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Reparations come to Berkeley Public Schools. Will students be paid?

Children head for a school bus in Berkeley on Feb. 24, 1970. At that time, a busing program to integrate Black and white students had been in place for 18 months. | RWK/AP Photo

From de facto segregation to uneven academic outcomes for Black and Brown students, America’s public schools remain glaring examples of inequality. This is arguably truer in affluent communities than elsewhere, as the pernicious effects of policies like redlining mean ZIP codes determine neighborhood resources. 

Despite efforts to offer extra resources for low-income students and students of color, achievement gaps remain stubborn. Laura Babitt, a mother of three who went to Berkeley schools and now serves as a school board member, saw the difference that extra educational investment from relatively well-to-do families made for students.

“Part of the reason there is such a gap is because of how parents are able to supplement their children’s education,” Babitt said. “When we put in these wonderful, intentional, direct programs to specifically target African American and Latinx students—the two groups that have fallen through these opportunity holes—everyone rises. Money matters, and it plays a part.”

This enduring gap is one reason why the Berkeley Unified School District, which serves over 9,000 students in 17 schools, is exploring the idea of reparations for its students. In 2022, white students made up 41% of the population, Hispanic students accounted for 22%, Black students accounted for almost 13% of the population and 8% were Asian students. Nearly 31% were considered socioeconomically disadvantaged. 

State test scores released in October show disparities remain in the district. Only 19% of Black students met math standards, while 74% of white students, 65% of Asian students and 43% of Hispanic students did. 

After the 2020 murder of George Floyd, community members began urging the district to consider reparations, citing systematic disparities for Black students. Payments would be directed to Berkeley’s public school students.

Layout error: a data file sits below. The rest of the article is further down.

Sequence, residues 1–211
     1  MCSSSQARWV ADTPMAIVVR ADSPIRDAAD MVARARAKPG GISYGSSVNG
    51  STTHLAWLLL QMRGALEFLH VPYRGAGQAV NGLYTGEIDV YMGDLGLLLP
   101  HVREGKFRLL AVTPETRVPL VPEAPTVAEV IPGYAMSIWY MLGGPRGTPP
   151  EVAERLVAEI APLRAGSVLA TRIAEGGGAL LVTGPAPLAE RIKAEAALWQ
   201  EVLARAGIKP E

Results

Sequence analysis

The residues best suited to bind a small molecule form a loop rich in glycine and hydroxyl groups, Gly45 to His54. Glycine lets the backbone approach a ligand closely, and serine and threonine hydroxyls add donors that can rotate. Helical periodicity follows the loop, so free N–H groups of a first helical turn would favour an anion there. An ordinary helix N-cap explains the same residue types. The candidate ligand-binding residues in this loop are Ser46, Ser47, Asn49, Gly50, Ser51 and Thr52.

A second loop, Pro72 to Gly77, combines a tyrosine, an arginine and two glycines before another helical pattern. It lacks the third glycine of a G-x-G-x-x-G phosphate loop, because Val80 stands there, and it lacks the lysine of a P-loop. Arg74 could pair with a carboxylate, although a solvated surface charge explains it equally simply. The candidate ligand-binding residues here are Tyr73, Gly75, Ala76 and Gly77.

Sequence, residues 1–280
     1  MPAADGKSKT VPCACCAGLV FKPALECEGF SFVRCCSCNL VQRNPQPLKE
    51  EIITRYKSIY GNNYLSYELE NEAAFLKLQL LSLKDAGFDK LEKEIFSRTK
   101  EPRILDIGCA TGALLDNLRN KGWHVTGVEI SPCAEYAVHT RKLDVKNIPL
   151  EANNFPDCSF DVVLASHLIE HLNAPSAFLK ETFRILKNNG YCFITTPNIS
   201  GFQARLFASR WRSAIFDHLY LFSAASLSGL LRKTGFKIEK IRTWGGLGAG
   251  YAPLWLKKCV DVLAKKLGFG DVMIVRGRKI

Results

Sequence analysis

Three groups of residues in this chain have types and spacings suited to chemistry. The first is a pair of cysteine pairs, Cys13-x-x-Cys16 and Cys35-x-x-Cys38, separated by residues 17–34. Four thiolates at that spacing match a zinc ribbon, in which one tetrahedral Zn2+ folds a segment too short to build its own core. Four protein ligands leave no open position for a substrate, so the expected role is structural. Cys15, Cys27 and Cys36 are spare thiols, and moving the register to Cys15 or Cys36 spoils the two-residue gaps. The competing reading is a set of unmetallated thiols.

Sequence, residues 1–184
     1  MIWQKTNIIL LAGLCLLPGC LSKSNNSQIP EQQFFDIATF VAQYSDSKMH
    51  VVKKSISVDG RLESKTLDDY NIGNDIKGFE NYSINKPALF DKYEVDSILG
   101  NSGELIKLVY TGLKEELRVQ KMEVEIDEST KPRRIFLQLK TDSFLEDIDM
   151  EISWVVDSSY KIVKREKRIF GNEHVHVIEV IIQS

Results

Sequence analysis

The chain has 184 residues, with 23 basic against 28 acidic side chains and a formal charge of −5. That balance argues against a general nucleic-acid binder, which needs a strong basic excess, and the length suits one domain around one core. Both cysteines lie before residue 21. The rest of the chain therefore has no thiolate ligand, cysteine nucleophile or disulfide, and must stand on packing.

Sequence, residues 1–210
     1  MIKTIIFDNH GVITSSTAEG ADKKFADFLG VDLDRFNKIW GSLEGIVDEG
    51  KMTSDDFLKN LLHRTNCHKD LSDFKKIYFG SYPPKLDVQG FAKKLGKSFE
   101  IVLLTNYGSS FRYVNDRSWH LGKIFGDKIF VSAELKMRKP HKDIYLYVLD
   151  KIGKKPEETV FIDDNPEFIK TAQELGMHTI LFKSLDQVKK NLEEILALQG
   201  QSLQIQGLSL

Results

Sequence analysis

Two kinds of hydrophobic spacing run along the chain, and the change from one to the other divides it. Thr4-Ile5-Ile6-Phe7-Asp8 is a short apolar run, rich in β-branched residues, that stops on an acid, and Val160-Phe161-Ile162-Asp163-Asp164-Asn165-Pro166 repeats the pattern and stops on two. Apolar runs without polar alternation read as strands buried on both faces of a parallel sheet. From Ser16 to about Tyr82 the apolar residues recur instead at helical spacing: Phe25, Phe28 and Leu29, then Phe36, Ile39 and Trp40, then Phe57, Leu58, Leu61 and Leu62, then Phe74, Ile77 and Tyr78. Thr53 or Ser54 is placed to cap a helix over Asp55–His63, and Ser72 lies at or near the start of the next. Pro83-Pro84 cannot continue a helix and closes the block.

Exactly how all that may be decided, however, will remain behind closed doors for some time. A task force began meeting this week, charged with coming up with recommendations to report to the superintendent at an unspecified time, the district’s spokesperson said in an email. Board members may rotate, but the remaining composition is unknown and its meetings, scheduled through November, are not open to the public. 

As with other reparations efforts, the question advocates ask isn’t whether this could right centuries of wrongs with money, but how much money and how specifically to dole it out.

Looking to atone for the past, California’s state reparations task force determined in September that the state could owe hundreds of thousands of dollars to Black residents descended from enslaved Americans. The group outlined the state’s history of housing discrimination and health disparities, as well as discrepancies in educational opportunities and incarceration rates.  

Across the bay from Berkeley, San Francisco’s own African American Reparations Advisory Committee recommended $5 million payments to eligible Black adults, eliminating personal debt and tax burdens, and guaranteed annual incomes—proposals that turned the committee into a national lightning rod. 

Opponents say that because San Francisco never endorsed slavery, it’s not fair to put the cost burden on 21st century taxpayers. Nationally, a 2022 Pew Research Center found that 68% of respondents opposed reparations, with Democrats divided and Republicans overwhelmingly against the idea.

Although California never codified forms of enslavement, the state has a long and unique history of discrimination, something the state task force detailed in a 500-page study. In 1874, California's Supreme Court ruled that school segregation was legal, and in 1979, voters passed a proposition blocking desegregation efforts tied to busing. De facto segregation persists in schools today, with those attended by predominantly Black and Latino students receiving fewer resources, the report said.